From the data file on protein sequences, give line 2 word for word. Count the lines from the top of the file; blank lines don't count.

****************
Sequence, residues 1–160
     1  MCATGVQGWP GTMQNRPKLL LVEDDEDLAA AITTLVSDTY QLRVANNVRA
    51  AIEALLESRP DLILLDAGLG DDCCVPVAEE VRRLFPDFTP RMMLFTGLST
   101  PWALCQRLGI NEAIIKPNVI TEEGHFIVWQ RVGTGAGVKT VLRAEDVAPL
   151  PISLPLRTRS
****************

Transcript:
     1  MCATGVQGWP GTMQNRPKLL LVEDDEDLAA AITTLVSDTY QLRVANNVRA